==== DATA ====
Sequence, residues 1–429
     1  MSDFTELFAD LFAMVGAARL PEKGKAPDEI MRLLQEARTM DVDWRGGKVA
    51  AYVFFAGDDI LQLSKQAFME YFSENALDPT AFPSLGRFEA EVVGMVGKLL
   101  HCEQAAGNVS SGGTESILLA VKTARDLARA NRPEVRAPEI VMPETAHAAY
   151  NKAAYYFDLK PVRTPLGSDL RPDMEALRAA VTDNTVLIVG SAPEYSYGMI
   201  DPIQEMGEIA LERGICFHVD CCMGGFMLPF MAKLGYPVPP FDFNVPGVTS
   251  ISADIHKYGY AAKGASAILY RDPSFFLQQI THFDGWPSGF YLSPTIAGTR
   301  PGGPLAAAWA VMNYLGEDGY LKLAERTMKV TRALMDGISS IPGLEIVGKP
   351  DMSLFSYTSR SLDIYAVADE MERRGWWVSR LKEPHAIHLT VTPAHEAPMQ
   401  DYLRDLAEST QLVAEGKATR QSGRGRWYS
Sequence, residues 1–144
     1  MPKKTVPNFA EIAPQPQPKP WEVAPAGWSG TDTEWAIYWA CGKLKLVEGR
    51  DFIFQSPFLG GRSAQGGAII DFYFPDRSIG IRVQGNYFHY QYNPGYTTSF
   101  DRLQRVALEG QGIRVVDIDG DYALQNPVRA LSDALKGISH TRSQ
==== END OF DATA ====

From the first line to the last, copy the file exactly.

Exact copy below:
Sequence, residues 1–429
     1  MSDFTELFAD LFAMVGAARL PEKGKAPDEI MRLLQEARTM DVDWRGGKVA
    51  AYVFFAGDDI LQLSKQAFME YFSENALDPT AFPSLGRFEA EVVGMVGKLL
   101  HCEQAAGNVS SGGTESILLA VKTARDLARA NRPEVRAPEI VMPETAHAAY
   151  NKAAYYFDLK PVRTPLGSDL RPDMEALRAA VTDNTVLIVG SAPEYSYGMI
   201  DPIQEMGEIA LERGICFHVD CCMGGFMLPF MAKLGYPVPP FDFNVPGVTS
   251  ISADIHKYGY AAKGASAILY RDPSFFLQQI THFDGWPSGF YLSPTIAGTR
   301  PGGPLAAAWA VMNYLGEDGY LKLAERTMKV TRALMDGISS IPGLEIVGKP
   351  DMSLFSYTSR SLDIYAVADE MERRGWWVSR LKEPHAIHLT VTPAHEAPMQ
   401  DYLRDLAEST QLVAEGKATR QSGRGRWYS
Sequence, residues 1–144
     1  MPKKTVPNFA EIAPQPQPKP WEVAPAGWSG TDTEWAIYWA CGKLKLVEGR
    51  DFIFQSPFLG GRSAQGGAII DFYFPDRSIG IRVQGNYFHY QYNPGYTTSF
   101  DRLQRVALEG QGIRVVDIDG DYALQNPVRA LSDALKGISH TRSQ